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Kids lose a lot of what they have learned over the course of summer vacation. It just happens. They get busy and focus on fun and have to refresh and re-learn a bit when they go back to school in the fall.
Here are some great ideas for keeping your kids sharp during summer vacation. It is a lot more fun that workbooks or essays.
No matter what level of math kids have achieved, their knowledge is put to good use in things like working on family or personal budget, cooking, creating and shopping. Have them set up a budget for their allowance or earnings and stick with it over the summer. Encourage them to add to savings and even give a little to charity.
Take their favorite recipe and have them multiply it by 1.5 or double, depending on how skilled they are with measurements. Allow them to design and build something three-dimensional out of wood, paper, fabric, or some other craft material, but have them make up a blueprint or pattern first, complete with measurements, utilizing their geometry skills.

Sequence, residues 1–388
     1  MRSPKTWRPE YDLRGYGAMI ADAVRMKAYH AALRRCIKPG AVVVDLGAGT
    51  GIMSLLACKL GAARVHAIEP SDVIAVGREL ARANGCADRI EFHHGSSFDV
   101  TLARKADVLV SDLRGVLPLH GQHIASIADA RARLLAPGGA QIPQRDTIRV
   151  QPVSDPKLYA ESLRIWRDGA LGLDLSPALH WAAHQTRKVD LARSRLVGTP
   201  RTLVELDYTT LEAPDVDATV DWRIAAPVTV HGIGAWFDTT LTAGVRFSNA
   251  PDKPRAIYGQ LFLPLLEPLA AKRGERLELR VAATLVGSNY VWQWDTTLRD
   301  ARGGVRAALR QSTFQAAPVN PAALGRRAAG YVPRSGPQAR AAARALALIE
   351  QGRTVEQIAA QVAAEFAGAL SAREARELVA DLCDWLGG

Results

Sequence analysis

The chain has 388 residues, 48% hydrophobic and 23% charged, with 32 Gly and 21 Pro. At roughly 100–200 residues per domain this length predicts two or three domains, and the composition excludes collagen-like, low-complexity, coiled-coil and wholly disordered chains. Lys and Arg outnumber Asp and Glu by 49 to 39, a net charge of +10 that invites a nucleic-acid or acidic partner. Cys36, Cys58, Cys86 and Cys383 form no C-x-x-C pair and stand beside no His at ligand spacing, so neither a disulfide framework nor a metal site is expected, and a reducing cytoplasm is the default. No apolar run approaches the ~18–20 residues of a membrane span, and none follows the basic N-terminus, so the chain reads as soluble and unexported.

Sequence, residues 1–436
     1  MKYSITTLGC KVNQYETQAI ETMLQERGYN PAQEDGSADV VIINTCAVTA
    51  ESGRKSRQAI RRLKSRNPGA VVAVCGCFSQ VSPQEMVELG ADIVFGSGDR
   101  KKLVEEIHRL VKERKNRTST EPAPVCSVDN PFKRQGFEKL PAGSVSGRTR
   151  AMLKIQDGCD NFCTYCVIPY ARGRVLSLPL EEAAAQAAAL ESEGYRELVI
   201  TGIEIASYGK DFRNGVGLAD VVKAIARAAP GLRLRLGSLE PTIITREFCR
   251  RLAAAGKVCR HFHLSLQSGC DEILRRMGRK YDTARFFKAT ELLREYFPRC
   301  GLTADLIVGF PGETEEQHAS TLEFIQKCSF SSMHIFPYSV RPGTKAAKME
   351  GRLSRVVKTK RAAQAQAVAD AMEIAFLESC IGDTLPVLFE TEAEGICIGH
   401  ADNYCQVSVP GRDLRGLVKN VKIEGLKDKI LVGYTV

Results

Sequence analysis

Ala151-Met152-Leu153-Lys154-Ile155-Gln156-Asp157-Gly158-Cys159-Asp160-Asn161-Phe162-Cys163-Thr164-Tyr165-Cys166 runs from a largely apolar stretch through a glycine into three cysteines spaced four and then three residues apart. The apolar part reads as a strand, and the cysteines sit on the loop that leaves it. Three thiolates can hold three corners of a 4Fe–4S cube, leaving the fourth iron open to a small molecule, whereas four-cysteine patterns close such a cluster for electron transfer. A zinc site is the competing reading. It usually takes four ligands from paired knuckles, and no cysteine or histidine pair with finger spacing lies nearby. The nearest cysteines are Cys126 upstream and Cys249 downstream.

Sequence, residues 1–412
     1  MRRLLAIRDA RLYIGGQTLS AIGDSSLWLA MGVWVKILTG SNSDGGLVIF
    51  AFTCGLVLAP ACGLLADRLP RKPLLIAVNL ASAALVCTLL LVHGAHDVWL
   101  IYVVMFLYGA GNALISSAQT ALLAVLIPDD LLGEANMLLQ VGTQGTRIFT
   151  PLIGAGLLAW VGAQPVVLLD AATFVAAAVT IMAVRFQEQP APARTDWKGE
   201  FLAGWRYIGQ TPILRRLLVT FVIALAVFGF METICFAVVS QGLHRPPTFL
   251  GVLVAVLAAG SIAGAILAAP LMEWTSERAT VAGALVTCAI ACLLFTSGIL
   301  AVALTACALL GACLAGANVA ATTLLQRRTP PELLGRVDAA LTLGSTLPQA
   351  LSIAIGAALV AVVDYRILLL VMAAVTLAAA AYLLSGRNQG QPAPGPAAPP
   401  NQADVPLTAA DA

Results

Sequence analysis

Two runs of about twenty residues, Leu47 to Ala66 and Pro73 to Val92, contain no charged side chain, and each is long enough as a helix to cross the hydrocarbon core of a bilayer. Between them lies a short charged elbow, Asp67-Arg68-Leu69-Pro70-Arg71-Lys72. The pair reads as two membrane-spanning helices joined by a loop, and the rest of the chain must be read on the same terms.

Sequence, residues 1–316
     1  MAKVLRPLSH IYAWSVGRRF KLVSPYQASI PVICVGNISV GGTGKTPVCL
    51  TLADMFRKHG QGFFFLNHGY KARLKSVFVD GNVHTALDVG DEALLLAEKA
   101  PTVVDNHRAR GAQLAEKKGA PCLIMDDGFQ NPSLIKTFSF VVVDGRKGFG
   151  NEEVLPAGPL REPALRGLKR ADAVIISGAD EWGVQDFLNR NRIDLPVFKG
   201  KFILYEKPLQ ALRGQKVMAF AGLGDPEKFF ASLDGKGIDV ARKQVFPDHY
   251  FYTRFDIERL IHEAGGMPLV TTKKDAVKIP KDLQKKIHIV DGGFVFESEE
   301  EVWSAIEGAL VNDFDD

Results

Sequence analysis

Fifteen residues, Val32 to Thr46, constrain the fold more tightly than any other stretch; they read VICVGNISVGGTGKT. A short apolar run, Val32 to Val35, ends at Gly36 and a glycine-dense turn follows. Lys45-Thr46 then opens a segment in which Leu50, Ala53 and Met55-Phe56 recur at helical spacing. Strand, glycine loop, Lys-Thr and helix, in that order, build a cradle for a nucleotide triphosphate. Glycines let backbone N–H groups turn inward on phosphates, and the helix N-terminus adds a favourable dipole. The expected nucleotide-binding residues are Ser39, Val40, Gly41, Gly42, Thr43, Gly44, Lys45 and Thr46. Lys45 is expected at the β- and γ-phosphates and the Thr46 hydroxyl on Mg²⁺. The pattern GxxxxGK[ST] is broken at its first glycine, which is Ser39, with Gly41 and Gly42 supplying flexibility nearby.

Let them do some of the grocery shopping, estimating how much things will cost before the excursion and then seeing how close they come to their estimate. Play Monopoly or Life or some other board games that require financial decisions. Play a game like Uno or Racko that lasts the whole summer. Have them keep a running total and see how high the scores go.
Let them plan a family virtual trip by using map sites on the Internet. Let them estimate mileage and hours driven each day. Help them create a trip budget, including gas, lodging, and food (throwing a little math in.) Teach them to plot out the route and decide what sites to stop and visit. If they are older, have them figure the shortest route to hit 49 or even all 50 states, stopping for a visit in each capital.
If they are really adventurous, have them visit Europe or the Middle East or South America and create a tour of the highlights of each continent. Have them find what languages they would need to know and what currency they would use to make purchases. Have them present a slide show of their trip to the family, one child each week. Let them cook a dish from their favorite "destination."
This one is oodles of fun—from kitchen science to biology to even astronomy, chemistry, or physics. Choose appropriate activities for their age and turn them loose. Here are some great kitchen science projects and YouTube is full of amazing videos of things to do in this course of study.
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